Friday, June 25, 2010

One Place

I have lived all of my 52 years in the South. I've traveled very little. All of my years I have spent living in two states--Georgia and North Carolina. I've rarely left the confines of the southern USA. I am not, as they say, a well-traveled man.

Because the southern USA is familiar to me, I feel relatively comfortable within it. The various dialects of English that are spoken from the low country to the mountains are all familiar to my ear and I can both understand and converse in these dialects.

The terrain, as diverse as it is here the South, is also familiar to me. I have lived on the coastal plains and tramped through the pine plantations and floated the tidal creeks and explored the swamps; I've also hiked the highest peaks the Appalachians offer, and bushwhacked into deep hardwood coves and have gone swimming in cold, clear streams full of native brook trout.

And I've scrambled around most of the Piedmont country in between these two extremes.

I have almost always been a lover of the rural over the urban. I've lived in homes in cities, of course, but I prefer the green, open spaces of the countryside. I'd rather deal with ticks and mosquitoes than the roar of engines and the screech of the crowds. Even the gunshots are different in the country--the occasional boom of a hunting rifle is almost reassuring after dealing with the pop-pop-pop of turf warfare on a city street.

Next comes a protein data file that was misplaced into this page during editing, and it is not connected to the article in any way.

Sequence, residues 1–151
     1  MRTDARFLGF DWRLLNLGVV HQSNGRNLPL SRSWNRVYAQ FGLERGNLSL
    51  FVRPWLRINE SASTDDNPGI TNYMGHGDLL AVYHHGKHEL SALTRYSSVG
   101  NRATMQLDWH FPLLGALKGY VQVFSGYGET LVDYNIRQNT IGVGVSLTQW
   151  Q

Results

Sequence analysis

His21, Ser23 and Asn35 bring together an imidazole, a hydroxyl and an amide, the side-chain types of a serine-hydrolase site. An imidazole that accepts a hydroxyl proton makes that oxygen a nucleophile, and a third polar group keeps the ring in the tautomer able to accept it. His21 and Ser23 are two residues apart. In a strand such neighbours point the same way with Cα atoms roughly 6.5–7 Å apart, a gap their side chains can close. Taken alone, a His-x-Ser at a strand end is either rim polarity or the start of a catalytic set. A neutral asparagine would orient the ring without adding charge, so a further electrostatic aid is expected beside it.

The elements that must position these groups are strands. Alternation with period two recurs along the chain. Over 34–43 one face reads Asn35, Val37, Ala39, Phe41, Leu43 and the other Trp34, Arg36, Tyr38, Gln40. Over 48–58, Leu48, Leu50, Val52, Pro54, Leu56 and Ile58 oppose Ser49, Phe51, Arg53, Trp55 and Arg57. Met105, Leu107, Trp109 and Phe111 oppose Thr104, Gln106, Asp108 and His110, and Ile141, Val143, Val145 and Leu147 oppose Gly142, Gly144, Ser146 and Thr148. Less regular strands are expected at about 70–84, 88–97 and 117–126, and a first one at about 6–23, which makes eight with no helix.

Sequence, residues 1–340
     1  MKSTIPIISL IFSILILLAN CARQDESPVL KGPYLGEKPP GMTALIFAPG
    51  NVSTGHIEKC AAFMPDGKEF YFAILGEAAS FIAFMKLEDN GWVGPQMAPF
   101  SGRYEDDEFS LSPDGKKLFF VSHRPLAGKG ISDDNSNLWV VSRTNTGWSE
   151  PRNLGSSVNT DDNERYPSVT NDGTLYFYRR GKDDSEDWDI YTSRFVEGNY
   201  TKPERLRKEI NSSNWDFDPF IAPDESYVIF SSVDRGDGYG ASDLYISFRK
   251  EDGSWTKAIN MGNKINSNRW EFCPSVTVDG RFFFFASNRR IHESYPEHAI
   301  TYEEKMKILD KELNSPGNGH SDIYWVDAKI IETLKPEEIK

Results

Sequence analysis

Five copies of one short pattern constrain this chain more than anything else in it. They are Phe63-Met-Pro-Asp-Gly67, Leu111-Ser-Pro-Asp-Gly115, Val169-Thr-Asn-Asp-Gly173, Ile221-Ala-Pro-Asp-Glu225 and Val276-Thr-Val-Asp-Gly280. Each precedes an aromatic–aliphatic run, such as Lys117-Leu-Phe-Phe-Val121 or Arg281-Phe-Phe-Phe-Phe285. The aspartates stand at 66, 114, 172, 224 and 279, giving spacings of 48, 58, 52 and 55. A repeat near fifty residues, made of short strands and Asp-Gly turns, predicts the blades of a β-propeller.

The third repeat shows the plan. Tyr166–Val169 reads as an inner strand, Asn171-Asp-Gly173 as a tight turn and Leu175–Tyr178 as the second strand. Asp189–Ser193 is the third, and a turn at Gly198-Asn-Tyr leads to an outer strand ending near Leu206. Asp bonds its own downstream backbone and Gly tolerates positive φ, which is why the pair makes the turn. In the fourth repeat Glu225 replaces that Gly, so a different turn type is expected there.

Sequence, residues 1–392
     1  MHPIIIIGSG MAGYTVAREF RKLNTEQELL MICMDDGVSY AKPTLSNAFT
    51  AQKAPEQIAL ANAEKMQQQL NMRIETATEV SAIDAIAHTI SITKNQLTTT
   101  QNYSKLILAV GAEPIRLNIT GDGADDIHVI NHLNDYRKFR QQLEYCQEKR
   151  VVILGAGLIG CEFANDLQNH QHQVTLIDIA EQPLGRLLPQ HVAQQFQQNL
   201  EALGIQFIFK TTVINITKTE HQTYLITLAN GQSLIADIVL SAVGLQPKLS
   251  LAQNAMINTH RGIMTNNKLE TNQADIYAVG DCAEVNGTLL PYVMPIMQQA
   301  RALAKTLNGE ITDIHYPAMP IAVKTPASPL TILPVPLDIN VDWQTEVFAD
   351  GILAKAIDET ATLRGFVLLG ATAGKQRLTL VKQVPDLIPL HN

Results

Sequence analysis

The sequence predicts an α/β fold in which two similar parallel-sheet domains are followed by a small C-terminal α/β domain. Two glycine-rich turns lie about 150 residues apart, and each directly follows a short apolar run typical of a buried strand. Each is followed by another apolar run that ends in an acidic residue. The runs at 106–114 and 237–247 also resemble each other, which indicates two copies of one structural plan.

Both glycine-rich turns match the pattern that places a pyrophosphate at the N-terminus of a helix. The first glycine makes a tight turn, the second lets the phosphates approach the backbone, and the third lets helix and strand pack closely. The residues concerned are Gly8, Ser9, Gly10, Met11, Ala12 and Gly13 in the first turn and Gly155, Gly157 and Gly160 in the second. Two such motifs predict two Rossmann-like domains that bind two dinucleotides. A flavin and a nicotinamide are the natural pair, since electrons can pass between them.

My earliest memories are of tagging along with my dad into the countryside. We'd drive the dirt roads. We'd stop and explore the woods. We'd stop and buy quail or eggs or vegetables or home-kilned pottery from farmers along the way. I would hike behind my dad through the forests looking for Indian relics or just exploring the woods for no good reason at all.

Physically, I like the South. I even like the heat, although I occasionally curse it as I pursue my job as a laborer when the sun is bearing down and the heat lies like a great, wet, sweat-inducing blanket over the world. As a kid I would stop as we tromped along sandy roads looking for bits of stone and clay left behind by the natives who preceded us to these shores. I would walk atop this sandy soil and look around me and see the pines standing tall, planted in orderly rows, waiting for the saws that would turn them into logs to be pulped for paper. I'd stand there and listen to the world around me--the constant buzz and rattle of a billion-billion insects clattering their wings together, roaring.

No matter where I go or how far away I end up going, I'll never forget the South. I am a part of it, and it is a part of me.

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